The State’s CPRIT Program Comes with Risk, But One of Its Top Dogs is Optimistic

Since the state of Texas put $3 billion behind the Cancer Prevention Research Institute of Texas (CPRIT) a decade ago, much of the news coming out has been less than flattering. After lawmakers questioned potential conflicts of interest at the program, state auditors discovered issues with regard to the way a small portion of the grants associated with the $3 billion fund were handed out. Not a good look, to be sure, but the taxpayers who’d originally backed the institute might have found it easier to move past the problems had the news been balanced by, say, the development of… Full Story

UT Southwestern Receives $34.2M For Cancer Research

UT Southwestern has received more than $34 million for cancer research. The grant was given by the Cancer Prevention and Research Institute of Texas. UT Southwestern’s total CPRIT award of $34,265,689 includes the following for research and facilities: core facility support awards, individual investigator awards, high-impact, and high-risk awards. The grant also supports research and faculty recruitment at UT Southwestern. According to UT Southwestern, funding will go toward further developing programs in pancreatic cancer, lung cancer, breast cancer, and melanoma. Dr. Carlos Arteaga, director of UT Southwestern’s Harold C. Simmons Comprehensive Cancer Center, told D CEO Healthcare he plans to… Full Story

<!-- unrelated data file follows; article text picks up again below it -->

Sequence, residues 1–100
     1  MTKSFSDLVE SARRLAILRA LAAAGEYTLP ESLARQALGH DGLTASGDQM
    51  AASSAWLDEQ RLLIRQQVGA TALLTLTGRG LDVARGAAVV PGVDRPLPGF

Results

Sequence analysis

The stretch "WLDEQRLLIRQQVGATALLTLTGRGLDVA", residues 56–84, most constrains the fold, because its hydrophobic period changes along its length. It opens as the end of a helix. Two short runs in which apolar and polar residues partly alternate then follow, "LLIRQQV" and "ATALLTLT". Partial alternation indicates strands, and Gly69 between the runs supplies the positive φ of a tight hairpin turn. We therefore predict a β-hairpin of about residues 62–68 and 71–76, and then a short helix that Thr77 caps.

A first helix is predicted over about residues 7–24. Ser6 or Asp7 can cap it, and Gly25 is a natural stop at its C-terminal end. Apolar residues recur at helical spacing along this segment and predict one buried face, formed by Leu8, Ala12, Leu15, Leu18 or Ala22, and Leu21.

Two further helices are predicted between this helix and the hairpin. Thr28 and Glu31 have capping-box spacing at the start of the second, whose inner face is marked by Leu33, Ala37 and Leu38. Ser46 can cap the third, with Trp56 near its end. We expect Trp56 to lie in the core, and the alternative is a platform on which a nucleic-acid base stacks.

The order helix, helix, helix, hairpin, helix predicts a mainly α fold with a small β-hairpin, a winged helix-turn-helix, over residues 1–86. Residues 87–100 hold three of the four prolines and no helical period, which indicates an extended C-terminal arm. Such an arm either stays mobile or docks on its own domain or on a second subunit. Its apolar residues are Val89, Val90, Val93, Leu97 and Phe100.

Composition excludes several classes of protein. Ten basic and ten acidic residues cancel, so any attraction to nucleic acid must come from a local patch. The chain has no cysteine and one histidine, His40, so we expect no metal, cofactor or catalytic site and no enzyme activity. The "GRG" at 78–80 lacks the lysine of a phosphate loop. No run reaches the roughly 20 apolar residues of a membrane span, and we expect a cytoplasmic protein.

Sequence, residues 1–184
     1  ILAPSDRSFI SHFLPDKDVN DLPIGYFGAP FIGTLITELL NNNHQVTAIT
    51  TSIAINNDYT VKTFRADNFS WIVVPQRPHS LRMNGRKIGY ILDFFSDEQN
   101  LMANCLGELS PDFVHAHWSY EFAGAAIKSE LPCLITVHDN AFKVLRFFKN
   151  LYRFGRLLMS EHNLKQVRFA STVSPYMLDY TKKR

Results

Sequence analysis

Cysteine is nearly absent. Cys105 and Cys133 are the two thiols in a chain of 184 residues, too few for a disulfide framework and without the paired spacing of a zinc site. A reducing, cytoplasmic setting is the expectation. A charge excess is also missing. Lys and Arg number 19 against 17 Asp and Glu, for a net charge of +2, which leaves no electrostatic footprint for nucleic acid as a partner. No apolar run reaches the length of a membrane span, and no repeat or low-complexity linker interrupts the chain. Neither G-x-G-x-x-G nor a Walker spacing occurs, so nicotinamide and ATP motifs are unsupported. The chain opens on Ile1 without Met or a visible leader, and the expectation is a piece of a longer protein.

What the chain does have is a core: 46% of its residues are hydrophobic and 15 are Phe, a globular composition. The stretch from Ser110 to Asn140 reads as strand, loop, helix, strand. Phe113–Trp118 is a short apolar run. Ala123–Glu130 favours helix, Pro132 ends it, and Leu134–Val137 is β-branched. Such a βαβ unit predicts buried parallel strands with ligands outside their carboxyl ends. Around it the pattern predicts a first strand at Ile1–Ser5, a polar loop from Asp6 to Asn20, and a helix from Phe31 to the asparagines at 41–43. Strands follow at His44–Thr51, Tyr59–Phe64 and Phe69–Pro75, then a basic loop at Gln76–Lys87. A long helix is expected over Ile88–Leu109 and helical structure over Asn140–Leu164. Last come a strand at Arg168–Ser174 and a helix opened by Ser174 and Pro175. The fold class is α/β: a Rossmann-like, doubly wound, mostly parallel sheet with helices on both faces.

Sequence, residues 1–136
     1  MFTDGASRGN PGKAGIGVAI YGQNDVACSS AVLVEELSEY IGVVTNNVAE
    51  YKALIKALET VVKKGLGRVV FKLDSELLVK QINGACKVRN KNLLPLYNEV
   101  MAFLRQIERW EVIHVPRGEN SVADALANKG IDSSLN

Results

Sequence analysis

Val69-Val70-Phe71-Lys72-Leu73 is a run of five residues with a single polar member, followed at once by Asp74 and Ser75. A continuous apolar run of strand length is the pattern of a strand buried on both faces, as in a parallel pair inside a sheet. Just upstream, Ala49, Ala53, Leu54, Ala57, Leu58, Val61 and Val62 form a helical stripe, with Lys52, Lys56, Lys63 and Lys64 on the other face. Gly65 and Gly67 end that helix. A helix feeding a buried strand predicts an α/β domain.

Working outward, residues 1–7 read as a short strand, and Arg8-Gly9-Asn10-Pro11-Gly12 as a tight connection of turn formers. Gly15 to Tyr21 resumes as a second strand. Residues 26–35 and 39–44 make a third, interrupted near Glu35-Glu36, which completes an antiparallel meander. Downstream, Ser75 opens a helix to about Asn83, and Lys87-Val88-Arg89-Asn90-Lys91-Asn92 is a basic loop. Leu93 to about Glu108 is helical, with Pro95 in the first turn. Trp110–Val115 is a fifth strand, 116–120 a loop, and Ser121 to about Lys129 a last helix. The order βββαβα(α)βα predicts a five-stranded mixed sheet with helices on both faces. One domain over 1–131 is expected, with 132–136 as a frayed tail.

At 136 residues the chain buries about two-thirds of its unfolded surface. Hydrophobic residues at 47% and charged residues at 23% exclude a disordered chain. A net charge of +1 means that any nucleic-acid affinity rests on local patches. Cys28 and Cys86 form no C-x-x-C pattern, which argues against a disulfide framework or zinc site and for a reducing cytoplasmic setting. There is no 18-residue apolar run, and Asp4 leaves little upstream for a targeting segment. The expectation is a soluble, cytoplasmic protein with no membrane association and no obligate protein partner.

Merritt Hawkins Study Shows Physician Demand Outweighing Supply

Irving-based Merritt Hawkins, a physician search firm, has released the findings of its survey of more than 900 doctors. It found that half of all the new doctors received 100 or more job inquiries during training, supporting the idea that demand for doctors is outpacing supply. Survey data from 935 doctors in their final year of residency training showed the following trends: Seventy percent received 50 or more job solicitations (via phone call, email, or direct mail) during training, and 50 percent received 100 or more job solicitations. This is the highest percentage of medical residents reporting that many job… Full Story